Periodically, i dig through my old Flickr account, and to my surprise, found this from July 2009. And Greyman thinks she might be in the basement rolled up in an old garbage bag! Apparently from the notes on the flickr photo, she was to be part of my plans for my first residency at ACAD through Contextural, and actually was going to be a Hoodoo figure. (No, not the WooWoo Voodoo Hoodoo type, but one of these.) Since that first residency was a HUGE bust, she got packed away and forgotten.
Sometimes i find my ideas go nowhere for a long time: not because i don’t want to implement them, but because i don’t have the skill set at the time of the concept, sometimes because everything hasn’t been thought through for end result, execution of idea and face it, true interest. Sampling is a wonderful thing, but obviously at the time, i got lost, biting off more than i could chew.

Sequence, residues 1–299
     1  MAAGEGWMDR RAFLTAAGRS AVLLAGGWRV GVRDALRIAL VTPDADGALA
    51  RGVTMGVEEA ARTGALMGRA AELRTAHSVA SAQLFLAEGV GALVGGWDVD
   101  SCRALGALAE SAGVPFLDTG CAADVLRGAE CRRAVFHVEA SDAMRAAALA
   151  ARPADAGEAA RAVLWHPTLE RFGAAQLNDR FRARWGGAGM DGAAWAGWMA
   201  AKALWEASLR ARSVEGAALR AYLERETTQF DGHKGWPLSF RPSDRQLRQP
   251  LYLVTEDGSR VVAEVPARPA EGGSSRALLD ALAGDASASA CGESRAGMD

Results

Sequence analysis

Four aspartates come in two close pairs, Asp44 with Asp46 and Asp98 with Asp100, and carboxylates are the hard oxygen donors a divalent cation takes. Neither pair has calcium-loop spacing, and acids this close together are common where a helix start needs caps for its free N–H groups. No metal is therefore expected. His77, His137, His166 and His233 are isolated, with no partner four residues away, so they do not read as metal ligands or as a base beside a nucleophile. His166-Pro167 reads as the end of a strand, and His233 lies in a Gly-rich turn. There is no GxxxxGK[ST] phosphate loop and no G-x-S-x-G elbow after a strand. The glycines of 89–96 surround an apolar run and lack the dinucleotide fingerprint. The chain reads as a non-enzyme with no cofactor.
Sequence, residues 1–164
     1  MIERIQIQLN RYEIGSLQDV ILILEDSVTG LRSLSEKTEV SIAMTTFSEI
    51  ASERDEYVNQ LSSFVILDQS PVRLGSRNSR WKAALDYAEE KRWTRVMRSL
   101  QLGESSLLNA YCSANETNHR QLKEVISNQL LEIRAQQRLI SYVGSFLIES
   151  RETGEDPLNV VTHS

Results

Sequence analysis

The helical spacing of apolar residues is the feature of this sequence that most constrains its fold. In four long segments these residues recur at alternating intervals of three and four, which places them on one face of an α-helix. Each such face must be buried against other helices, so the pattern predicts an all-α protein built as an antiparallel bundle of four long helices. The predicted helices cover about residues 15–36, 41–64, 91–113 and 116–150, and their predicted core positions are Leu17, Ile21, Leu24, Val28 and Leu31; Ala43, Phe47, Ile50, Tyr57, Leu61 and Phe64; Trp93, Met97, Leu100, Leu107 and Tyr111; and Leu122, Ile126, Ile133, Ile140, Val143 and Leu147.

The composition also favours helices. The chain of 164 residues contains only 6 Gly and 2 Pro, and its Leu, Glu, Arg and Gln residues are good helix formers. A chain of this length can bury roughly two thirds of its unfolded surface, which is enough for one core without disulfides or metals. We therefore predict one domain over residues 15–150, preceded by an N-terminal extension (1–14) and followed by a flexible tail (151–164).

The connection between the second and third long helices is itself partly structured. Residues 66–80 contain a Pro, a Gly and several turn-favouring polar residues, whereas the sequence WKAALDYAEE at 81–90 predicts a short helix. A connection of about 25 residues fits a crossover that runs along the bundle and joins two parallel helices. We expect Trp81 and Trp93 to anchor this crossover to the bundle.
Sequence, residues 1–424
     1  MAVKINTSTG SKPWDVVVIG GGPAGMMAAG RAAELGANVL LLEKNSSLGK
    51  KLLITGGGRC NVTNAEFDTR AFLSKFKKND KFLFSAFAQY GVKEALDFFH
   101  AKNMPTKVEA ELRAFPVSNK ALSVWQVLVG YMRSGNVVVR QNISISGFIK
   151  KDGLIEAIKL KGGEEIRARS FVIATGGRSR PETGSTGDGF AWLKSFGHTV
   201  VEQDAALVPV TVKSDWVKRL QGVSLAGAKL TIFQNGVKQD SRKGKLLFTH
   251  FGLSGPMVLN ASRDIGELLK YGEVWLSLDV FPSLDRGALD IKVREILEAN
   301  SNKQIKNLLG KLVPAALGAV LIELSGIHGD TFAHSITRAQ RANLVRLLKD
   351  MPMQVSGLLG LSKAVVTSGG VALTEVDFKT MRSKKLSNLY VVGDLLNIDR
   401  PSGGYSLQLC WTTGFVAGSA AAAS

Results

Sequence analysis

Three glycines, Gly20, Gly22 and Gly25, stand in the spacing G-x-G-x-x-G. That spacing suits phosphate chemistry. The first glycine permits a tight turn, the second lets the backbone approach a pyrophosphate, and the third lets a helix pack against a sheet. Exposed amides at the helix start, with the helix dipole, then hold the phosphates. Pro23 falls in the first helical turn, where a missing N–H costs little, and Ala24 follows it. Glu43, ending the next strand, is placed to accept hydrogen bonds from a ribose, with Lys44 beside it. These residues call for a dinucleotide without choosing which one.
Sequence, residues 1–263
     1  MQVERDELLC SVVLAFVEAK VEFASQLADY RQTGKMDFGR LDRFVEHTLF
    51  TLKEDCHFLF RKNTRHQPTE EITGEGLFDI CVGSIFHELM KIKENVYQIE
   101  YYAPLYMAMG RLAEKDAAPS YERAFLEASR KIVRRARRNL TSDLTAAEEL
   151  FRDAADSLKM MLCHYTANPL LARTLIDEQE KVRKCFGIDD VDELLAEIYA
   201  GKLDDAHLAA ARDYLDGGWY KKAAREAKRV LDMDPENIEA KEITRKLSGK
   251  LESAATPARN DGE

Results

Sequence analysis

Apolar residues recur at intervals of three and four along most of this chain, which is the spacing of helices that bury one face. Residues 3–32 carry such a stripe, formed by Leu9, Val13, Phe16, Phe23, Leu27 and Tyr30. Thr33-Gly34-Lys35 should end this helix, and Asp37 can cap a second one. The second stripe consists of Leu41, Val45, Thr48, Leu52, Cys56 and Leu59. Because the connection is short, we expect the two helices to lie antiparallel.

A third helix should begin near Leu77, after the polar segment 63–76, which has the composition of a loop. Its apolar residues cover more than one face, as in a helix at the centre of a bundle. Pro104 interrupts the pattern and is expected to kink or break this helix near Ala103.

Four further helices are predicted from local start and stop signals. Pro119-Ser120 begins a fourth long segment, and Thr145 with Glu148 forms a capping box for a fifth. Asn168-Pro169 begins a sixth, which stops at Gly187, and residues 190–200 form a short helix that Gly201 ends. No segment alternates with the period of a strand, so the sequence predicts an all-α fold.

THIS is the Blue figure i mentioned in a previous post–i just hadn’t realized it at the time. She needs to be a little less “pointy”, though i also don’t want an obvious “head” either. The first step will be to take her apart completely. After being stored for all these years in a basement that was flooded in the 2013 Calgary disaster, i don’t want to be finding any surprises in her.
I discharged blue velveteen for this piece:
Not indigo dyed, but sure looks like it! When i take her apart to check for possible damage, i think i’m going to add some more of the mokume style discharge, just a bit as i love that contrast of earth and water.
As is my wont, i am thinking of rivers again/still. Can one represent a river as a vertical 3d form? In the Feminine, i think so. Notebook scribblings:
a river is a space, a river is time one ripple sweeps another changing the first and shaping the second, forming a third but still the mother
old rivers become ripples in shape, winding and wandering back to themselves, carving deep veins in the earth
old rivers are womanly, curving and undulating, swift along banks but still and deep in the centre
she/river nurtures but sweeps roots to cross and tangle, knotting nets and weaving links